1.15.13 by Dov
According to a recent National Venture Capital Association report, the venture industry is continuing to bifurcate into smaller, focused funds (either by industry, geography, or something else) and massive funds that invest across a wide spectrum of deal types.
On one hand, the reduction in the number of overall venture firms nationally is probably a reflection of the poor returns the industry has had over the past decade plus. If a relatively small portion of venture firms are actually good at their job, then of course investors should want to give their capital to those firms, driving them to be larger. Newer firms then enter the industry with small funds (because that’s all they can raise), but grow over time if their performance enables them to raise larger funds in the future.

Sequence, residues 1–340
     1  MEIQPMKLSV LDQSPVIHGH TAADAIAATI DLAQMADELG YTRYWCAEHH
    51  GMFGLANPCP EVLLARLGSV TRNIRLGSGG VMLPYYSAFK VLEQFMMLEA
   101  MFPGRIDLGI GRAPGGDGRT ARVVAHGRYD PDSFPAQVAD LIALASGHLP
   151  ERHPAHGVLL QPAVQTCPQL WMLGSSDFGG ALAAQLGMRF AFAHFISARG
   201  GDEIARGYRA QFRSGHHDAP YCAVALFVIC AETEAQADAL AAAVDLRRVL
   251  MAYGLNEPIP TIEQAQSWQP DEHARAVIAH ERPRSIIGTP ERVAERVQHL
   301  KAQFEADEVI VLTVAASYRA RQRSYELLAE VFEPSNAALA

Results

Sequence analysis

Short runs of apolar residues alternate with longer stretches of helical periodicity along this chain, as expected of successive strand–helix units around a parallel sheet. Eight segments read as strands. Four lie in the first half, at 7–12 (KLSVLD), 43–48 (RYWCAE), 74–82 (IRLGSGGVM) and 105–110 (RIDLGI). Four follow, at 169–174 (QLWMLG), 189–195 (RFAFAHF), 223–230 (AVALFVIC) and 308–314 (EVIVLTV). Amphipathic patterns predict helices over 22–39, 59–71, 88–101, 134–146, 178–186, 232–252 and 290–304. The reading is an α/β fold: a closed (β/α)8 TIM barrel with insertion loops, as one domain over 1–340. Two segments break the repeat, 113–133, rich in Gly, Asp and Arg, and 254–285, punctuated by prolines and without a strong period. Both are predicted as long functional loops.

As for Allos, we remain unconvinced that bigger is better. Those massive funds must out of necessity invest across a whole swath of industries, geographies, and deal stages in order to put so much capital to work. It seems to me that there are two basic ways they can do that. Become complete generalists or effectively act internally as a collection of smaller firms. In either case, I wonder if their performance can possibly continue to keep pace with the returns that presumably drove investors to give them so much capital in the first place. If they have become generalists, they lose the expertise they presumably had in their earlier models. If the become siloed, then it’s as if their investors were diversifying across a number of small funds. Perhaps their internal teams really can be the best in each of those areas. But it seems more likely that some of those silos will probably not be “up to par” and thus the firm overall would be better off dropping them from the strategy.
Would we like to have a $1 billion fund? Of course. Am I just a bit jealous of those management fees? Sure – maybe more than just a bit. But we also remain convinced that those smaller, $30-100 million funds will continue to outperform (oh, and here’s more).